The Notion of Liquidation as a Going Concern under Insolvency and Bankruptcy Law

  • Sreejit Nair
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  • Sreejit Nair

    Student at Symbiosis Law School, India

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The Insolvency and Bankruptcy Code of 2016 (hereafter referred to as IBC, 2016) has been passed in order to put into operation a very time-bound procedure for the resolution of insolvency for corporate entities, partnership businesses, and individuals. In accordance with the IBC, 2016's framework, an Interim Resolution Professional is responsible for continuing the company's business activities as a going concern until the Committee of Creditors suggests a resolution plan that would allow the company to continue operating after an insolvency resolution. If the resolution approach is unsuccessful, the corporate person is liquidated. However, when a corporate person is liquidated by selling the company's debtor or its business as a continuing concern, the person is not dissolved and continues to exist in the market as a going concern firm. The Insolvency and Bankruptcy Board of India (Liquidation Process) (Amendment) Regulations, 2018 added the initial provision for this liquidation feature under Regulation 32, which dealt with "Manner of sale. " This research will analyse the "going concern" accounting concept and how it relates to insolvency and bankruptcy law, with a particular emphasis on the necessity of the notion of liquidation as a going concern under insolvency and bankruptcy law.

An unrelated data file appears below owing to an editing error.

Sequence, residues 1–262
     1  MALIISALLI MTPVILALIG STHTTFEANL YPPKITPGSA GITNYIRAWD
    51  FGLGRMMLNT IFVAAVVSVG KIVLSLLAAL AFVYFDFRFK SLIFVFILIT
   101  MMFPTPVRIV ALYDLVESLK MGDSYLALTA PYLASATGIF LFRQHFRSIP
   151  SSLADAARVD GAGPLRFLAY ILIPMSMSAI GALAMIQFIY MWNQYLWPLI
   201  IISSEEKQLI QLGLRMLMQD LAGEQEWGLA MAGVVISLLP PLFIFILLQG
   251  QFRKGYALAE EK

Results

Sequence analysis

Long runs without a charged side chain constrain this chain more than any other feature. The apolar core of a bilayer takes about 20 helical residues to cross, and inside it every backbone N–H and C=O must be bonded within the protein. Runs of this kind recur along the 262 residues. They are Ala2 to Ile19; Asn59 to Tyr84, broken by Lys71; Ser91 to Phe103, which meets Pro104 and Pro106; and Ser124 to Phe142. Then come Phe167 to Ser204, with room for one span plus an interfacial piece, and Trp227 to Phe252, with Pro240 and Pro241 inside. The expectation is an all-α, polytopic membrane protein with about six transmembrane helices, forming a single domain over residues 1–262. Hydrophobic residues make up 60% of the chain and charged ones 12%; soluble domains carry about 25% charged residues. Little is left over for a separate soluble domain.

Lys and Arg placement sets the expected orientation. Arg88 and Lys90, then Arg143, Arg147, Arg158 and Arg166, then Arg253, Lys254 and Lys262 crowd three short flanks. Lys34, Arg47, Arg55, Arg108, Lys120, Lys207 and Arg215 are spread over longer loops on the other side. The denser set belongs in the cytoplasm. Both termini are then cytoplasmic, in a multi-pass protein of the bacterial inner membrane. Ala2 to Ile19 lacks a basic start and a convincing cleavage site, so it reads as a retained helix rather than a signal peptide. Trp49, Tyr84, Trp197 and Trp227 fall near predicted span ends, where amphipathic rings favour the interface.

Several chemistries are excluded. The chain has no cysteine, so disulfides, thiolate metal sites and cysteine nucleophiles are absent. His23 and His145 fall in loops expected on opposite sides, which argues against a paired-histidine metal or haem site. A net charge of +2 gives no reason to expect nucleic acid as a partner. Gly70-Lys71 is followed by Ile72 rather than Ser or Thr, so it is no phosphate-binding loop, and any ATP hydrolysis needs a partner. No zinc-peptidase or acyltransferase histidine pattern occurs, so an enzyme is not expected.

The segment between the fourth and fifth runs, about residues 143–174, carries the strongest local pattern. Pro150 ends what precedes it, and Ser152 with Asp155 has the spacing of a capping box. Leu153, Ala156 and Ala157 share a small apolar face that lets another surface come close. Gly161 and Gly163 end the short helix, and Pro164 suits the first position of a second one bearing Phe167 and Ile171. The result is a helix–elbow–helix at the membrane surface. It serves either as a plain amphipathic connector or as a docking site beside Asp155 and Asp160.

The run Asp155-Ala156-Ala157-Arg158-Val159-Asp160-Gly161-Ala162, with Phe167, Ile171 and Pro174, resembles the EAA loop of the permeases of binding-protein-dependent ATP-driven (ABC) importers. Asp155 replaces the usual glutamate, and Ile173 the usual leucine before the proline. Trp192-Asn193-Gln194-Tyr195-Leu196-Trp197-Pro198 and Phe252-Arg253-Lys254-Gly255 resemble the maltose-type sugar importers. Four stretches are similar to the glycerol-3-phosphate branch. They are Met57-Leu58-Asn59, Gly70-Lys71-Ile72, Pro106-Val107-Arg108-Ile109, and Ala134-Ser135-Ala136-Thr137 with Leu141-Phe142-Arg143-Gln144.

Research Paper


International Journal of Law Management and Humanities, Volume 7, Issue 1, Page 805 - 811


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